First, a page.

With heat punishing most of the country, lawns may be looking a bit sad and forlorn. But if your instinct is to throw on some fertilizer, stop right there. Fertilizer won’t help a dry or brown lawn. In fact you can damage your grass, especially if you use a fast-release fertilizer, which can even burn your lawn. Hold off on the fertilizer until the fall—and you may not have to do it again in the spring.

The time to apply fertilizer is when the grass is growing more roots than blades. In the Northeast and Northwest, that’s usually in the fall. In the South and Southwest it’s in the late spring. So in cooler climes, don’t even think about it until Labor Day. And if you only fertilize once a year, do it in September using fall fertilizer. Most high-quality fertilizers contain slow-release nitrogen, which promotes growth in the spring.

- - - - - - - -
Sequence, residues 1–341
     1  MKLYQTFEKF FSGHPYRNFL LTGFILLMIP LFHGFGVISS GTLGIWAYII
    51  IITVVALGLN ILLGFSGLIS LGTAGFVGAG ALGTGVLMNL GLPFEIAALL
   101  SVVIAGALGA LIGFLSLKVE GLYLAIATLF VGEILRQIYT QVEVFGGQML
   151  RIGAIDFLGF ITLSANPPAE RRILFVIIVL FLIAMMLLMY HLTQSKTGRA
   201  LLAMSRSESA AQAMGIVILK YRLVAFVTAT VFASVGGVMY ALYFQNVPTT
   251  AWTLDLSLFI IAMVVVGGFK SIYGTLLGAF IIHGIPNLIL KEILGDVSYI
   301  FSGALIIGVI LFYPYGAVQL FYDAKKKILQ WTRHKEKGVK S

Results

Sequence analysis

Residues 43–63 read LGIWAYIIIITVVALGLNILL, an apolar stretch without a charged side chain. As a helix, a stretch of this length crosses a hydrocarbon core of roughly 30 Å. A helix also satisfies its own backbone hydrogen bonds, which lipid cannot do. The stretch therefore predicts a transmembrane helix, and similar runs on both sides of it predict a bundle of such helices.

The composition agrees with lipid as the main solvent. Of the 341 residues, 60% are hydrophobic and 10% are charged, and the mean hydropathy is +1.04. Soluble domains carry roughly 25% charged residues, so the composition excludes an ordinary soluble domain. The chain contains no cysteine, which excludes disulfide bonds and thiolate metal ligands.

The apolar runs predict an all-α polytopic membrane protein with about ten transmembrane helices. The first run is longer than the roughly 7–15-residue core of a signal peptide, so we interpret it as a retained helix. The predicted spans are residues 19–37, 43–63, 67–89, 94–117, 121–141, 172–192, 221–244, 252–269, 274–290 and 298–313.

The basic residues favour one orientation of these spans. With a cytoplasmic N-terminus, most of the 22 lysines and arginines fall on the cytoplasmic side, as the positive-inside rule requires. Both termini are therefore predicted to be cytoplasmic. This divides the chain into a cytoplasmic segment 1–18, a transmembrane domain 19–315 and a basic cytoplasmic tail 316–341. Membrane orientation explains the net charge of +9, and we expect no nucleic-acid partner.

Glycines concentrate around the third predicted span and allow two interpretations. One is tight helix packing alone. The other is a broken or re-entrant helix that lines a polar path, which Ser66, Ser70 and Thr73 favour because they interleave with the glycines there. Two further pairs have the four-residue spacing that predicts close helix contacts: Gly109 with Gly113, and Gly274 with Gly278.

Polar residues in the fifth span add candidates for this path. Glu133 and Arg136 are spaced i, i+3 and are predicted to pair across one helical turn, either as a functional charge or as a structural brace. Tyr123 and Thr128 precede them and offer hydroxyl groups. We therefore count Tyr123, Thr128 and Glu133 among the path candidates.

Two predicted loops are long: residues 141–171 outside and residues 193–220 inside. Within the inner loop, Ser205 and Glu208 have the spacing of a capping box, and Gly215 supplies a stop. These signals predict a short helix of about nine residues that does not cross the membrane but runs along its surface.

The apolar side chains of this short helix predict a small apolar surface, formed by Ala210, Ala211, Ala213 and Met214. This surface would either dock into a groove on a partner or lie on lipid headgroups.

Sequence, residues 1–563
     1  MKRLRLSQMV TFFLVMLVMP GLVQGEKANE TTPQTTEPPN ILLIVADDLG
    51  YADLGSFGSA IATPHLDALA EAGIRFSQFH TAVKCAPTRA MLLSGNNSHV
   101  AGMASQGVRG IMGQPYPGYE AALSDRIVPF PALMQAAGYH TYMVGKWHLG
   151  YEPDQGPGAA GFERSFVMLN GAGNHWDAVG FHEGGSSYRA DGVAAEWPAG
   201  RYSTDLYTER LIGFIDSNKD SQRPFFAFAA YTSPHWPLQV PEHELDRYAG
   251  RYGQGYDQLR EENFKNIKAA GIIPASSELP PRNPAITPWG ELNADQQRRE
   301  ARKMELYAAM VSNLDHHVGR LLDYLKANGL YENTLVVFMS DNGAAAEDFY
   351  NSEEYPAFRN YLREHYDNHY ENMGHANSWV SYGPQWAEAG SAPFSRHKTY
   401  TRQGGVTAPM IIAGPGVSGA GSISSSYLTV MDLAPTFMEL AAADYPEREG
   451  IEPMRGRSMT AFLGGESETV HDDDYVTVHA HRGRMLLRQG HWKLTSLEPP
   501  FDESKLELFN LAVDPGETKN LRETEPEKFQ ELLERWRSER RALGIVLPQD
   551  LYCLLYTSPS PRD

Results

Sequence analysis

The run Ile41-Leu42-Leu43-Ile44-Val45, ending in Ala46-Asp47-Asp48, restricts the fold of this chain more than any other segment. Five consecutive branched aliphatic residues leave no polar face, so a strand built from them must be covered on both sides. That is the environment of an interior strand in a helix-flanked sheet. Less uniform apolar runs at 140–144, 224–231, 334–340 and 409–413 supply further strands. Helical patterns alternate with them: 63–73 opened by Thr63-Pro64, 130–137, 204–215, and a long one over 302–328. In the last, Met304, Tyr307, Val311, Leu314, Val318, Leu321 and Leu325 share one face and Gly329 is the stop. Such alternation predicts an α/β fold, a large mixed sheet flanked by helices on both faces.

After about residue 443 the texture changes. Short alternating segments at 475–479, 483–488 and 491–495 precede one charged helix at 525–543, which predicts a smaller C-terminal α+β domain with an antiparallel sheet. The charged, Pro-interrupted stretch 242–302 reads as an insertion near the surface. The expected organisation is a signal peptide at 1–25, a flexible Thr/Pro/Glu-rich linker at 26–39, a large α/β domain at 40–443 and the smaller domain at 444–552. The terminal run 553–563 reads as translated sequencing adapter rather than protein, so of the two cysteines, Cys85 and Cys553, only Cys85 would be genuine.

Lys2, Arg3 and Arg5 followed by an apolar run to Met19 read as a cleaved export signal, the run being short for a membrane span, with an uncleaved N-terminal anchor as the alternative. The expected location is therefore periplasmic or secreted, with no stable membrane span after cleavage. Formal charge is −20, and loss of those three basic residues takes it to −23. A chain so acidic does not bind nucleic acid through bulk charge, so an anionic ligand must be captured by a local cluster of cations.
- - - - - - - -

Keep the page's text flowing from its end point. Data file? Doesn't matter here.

Fortunately, even slackers can have a lush lawn. Start by mowing higher, letting the grass grow to 4 ½  inches and cutting it to 3 or 3 ½. Tall grass helps promote deep roots, making your lawn hardier and more resilient. Another way to add nutrients is to use the mulch setting on your mower and leave the clippings behind. This also reduces evaporation.

And don’t over-water your lawn. A typical lawn needs no more than one inch of water a week, including rainfall. To promote deep roots give your lawn one long soak instead of several short waterings. In fact, a light daily watering encourages root systems that are too shallow, promotes weed growth, and leaves the grass susceptible to disease and insect damage.

Smart Lawn Care

A lush lawn doesn’t require excessive amounts of water. On the "Consumer 101" TV show, Consumer Reports expert Eric Hagerman explains how you can keep your outdoor space looking great.